Friday,26 May, 2017
Current issue | Issue 1334, (2 - 8 March 2017)
Friday,26 May, 2017
Issue 1334, (2 - 8 March 2017)

Ahram Weekly

Lethal blow to the Brotherhood

The arrest of seven senior members of the Muslim Brotherhood will undermine the group’s organisational capacities in Egypt for the foreseeable future

Mahmoud Ezzat
Mahmoud Ezzat

Last week security forces arrested Muslim Brotherhood Guidance Bureau member Mohamed Abdel-Rahman, the man in charge of the organisation’s activities in Egypt, together with six of his aides — Galal Mustafa, Mohamed Amer, Amar Al-Sarwi, Ahmed Gaballah, Ezzat Al-Sayed Abdel-Fattah, and Hamdi Al-Dahshan.

The detainees formed the right arm in Egypt for acting Supreme Guide Mahmoud Ezzat, in hiding since the break-up of the Rabaa Al-Adawiya sit-in. Early reports that Ezzat had also been arrested proved false. Ezzat issued a statement himself, denying the rumours. “Security forces arrested Brotherhood Guidance Bureau member Mohamed Abdel-Rahman and others,” read the statement. It went on to explain that Abdel-Rahman had been responsible for managing the group’s operations in Egypt and that, prior to his arrest, he had been charged with rebuilding the organisation’s structure.

“In my capacity as charge d’affaires for the supreme guide I am studying several other names from the leadership to choose from [as replacements],” said Ezzat.

In his statement Ezzat claimed the Brotherhood would not be affected by the arrests, pointing out that all the members of the administrative board were abroad. They include Deputy Supreme Guide Ibrahim Mounir, Brotherhood Secretary-General Mahmoud Hussein and the group’s spokesman Talaat Fahmi.

A number of figures close to the Brotherhood say Ezzat’s claim is wishful thinking. Former Deputy Supreme Guide Mohamed Habib says Abdel-Rahman’s detention is “a powerful blow” to the group and could lead to uncovering the hideout of Ezzat himself.

“Mohamed Abdel-Rahman is the most senior figure under Ezzat,” Habib said. “He obtains Ezzat’s approval before taking any action and therefore must have been in constant contact with him.”

“The arrest of Mohamed Abdel-Rahman, head of the Supreme Administrative Board that supervised the Brotherhood’s work in Egypt, will greatly affect the organisation and marks a turning point in the activities of the group in Egypt and in its contacts abroad.”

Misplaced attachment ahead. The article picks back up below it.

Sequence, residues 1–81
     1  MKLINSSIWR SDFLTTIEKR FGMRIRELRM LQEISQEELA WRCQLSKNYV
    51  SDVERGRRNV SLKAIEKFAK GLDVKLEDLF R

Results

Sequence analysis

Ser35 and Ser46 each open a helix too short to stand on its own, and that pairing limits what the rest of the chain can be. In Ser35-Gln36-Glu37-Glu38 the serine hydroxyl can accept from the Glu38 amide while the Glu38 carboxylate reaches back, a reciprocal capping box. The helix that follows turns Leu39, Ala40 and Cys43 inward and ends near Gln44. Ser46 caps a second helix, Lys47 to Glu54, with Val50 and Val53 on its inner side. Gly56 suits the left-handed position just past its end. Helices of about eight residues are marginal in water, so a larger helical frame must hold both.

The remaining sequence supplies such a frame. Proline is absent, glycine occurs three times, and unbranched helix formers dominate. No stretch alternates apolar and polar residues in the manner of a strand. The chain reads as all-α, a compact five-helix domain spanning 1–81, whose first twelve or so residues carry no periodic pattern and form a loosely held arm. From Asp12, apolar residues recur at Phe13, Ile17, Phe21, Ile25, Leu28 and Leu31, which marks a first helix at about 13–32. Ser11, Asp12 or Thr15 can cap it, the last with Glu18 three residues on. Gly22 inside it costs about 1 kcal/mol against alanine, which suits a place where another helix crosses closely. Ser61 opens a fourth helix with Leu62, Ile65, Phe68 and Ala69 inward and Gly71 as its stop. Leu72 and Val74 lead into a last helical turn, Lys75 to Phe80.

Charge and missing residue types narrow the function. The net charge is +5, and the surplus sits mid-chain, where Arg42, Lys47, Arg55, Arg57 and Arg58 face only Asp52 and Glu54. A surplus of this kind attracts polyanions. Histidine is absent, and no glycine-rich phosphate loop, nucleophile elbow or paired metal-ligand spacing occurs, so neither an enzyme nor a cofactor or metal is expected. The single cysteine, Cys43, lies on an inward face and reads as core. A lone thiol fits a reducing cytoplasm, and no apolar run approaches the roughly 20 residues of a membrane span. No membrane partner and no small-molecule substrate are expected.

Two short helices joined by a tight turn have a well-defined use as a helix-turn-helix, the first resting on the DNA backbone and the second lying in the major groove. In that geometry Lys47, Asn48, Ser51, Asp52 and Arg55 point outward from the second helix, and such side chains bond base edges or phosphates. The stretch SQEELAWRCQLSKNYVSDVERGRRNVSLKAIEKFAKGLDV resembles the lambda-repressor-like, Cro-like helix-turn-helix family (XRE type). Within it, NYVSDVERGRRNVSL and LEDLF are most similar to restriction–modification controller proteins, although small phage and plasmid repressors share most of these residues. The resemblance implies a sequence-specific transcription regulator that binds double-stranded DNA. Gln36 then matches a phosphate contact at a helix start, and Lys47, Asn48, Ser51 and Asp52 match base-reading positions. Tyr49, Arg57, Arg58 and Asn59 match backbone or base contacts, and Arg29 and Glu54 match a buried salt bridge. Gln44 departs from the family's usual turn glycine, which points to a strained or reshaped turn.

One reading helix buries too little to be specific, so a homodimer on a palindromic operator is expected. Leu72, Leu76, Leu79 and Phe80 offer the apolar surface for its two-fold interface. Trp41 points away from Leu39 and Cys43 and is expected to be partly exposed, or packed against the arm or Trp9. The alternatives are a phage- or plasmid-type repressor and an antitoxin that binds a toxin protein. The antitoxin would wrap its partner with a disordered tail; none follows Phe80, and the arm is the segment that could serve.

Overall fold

Habib stressed, however, that Ezzat may be capable of “remaining underground for years”. “He may be able to stay in hiding, contacting others from unregistered telephone and mobile numbers of which he has hundreds.”

Former Brotherhood official Khaled Al-Zaafrani says Ezzat and his clique had adopted a strategy of not provoking the government in any way, avoiding all types of conflict until the group was in a position to rebuild itself. In one recent newspaper interview Al-Zaafrani said Ezzat believed regional changes and developments would lead to a situation in which the government finds itself in need of the Muslim Brotherhood and that Riyadh’s dependence on the group’s branches in Yemen and in Syria might lead Saudi Arabia to pressure Cairo to be more accommodating towards the Brotherhood.

Al-Zaafrani argues that disputes between the “old guard” lead by Mahmoud Ezzat and sections of more militant Brotherhood youth, combined with “major successes the government has achieved against the organisation, has it to focus exclusively on the group’s survival”.

Some observers interpreted Mahmoud Ezzat’s statement as a “coded message” instructing other group members in Egypt to find new hiding places. Other sources close to the Brotherhood think leaders such as Ayman Abdel-Ghani, son-in-law of the Deputy Supreme Guide Khairat Al-Shater, and Medhat Al-Haddad, brother of former Guidance Bureau member Essam Al-Haddad, will be forced to form a committee to manage the Brotherhood’s affairs in Egypt for the foreseeable future. The committee, they say, will take over communicating with the organisation’s administrative bureaus and other activities involved in overseeing the organisation’s operations in Egypt from Abdel-Rahman.